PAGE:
Everyone has a plan that will not work.
Frisbees for cats. Twinkies full of roast beef. Milli Vanilli in Esperanto. A remake of “King Kong.” The Sally Struthers Whining Channel. The list is endless.
But then again, Johnny Clegg, a white guy from South Africa, has a plan that just might be working. He’s trying to unite blacks and whites in his country through his music. You can hear it--and see it--when Johnny Clegg & Savuka will dance, as if their shoes were on fire, all over the big stage Saturday night at the venerable Ventura Theatre.
Does music change people? Just maybe. As a little kid growing up in South Africa, Clegg decided that he liked the local music scene--the real locals, the Zulus. He used to hang out in the Zulu ghetto and learned their music, their language and--whoa--can this dude dance?
Clegg got arrested on occasion because even hanging out with blacks was illegal. Apartheid had a habit of making a lot of things unhealthy. Later, in the early ‘70s, Clegg fronted the first interracial group in South Africa, Juluka, but since 1987 it’s been Savuka, a band that combines traditional Zulu rhythms with Western rock ‘n’ roll. The result: an intoxicating dance music, irresistible to any feet within a 12-block radius.
“Heat, Dust and Dreams,” just released, is the band’s fourth album. But unlike other tours, the group will be headlining in the United States this trip. Big Time everywhere else, the band is still seeking its big break in this country, proof positive once again that there’s no justice in rock ‘n’ roll.
During a recent songwriter’s show at the Ventura Theatre, Clegg discussed the latest.
It seems like your band is always on the road, but fame and fortune in American remain elusive. Why?
We go on the road for four years at a time, then take a break for two years. Right now, we’re most popular in France and Belgium, but we’re selling more records now in America than ever before. I think our new album has more songwriting, and more songs than just grooves. Also, this tour, we’ll be headlining. We just gotta keep playing and gotta keep moving.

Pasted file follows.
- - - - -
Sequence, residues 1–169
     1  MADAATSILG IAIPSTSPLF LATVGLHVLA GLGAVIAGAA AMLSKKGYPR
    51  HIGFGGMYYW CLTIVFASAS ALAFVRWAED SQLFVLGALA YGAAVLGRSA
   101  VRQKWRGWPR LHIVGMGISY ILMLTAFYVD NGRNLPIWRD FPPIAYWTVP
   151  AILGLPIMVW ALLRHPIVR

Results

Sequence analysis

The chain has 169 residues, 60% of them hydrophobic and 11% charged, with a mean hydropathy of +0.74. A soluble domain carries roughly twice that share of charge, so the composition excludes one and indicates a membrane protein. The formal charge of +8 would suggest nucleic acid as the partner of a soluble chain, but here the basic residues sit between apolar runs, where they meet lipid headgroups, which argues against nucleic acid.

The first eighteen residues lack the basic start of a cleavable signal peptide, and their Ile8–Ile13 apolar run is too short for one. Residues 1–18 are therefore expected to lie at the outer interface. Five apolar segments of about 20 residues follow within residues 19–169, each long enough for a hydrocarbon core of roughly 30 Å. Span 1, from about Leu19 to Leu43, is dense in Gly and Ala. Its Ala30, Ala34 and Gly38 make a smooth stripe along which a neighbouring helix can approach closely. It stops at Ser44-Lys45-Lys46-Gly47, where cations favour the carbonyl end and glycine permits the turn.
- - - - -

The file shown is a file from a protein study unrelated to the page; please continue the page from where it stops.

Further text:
Describe Savuka music.
Eclectic. I play hard rock music with traditional South African music--it’s a mixture of both.
What’s the difference between Juluka and Savuka?
Savuka picked up when Juluka ended.
Can music change the world?
Music changes individuals, not countries or groups. I think young people care. There’s something very true about young people. There’s a freshness that they share. They’re the hope for the world. The youth are so full of boundless energy, spontaneity and crazy dreams. By the time you’re 35, you’ve been subdued by the system. I was changed by music--it changed my life. Now I’m privileged to do what I want to do and make a living at it. I don’t like being away from my wife and my kid, so I try to take them with me as much as I can.
So you were in the first mixed-race band in South Africa?
Yes, we broke the law. All groups were segregated, and all groups had to stay with their own race. We broke these rules by mixing Zulu with English.
Were you in any actual danger?
We never wrote political songs, but we were threatened. The police would stop us at roadblocks before a gig and make us empty out a three-ton van. We’d send a car ahead to tell the people at the gig. In South Africa, people are used to stuff like that, so they’d wait for us.
Why is there still so much trouble in South Africa?
We’re going through a transition. It’s a matter of economy. White people aren’t prepared to pay for apartheid anymore because they’ve been paying for duplicate services all this time.
What is the ideal fusion of Western and African cultures?
In Africa, there is a peer group that shares a common name, and a child is brought up by the community and not just the mother and father. There is a sense of community and a sense of belonging. The Western contribution is more analytical. The whole thing is a balance between expression and repression. You need to have both. If you can only express, you won’t get very far; and if you can only repress, you won’t get very far. It’s sort of a balance between a human and a machine.
Tell me about a strange gig.
One time we opened for George Michael in Canada and there were all these 12-year-old girls who didn’t know what to expect. We ended up singing in a language they didn’t understand, but they were doing these crazy dances, anyway.
What bands do you think are cool?
I like Neneh Cherry, Pearl Jam and the Cult, plus a lot of South African musicians.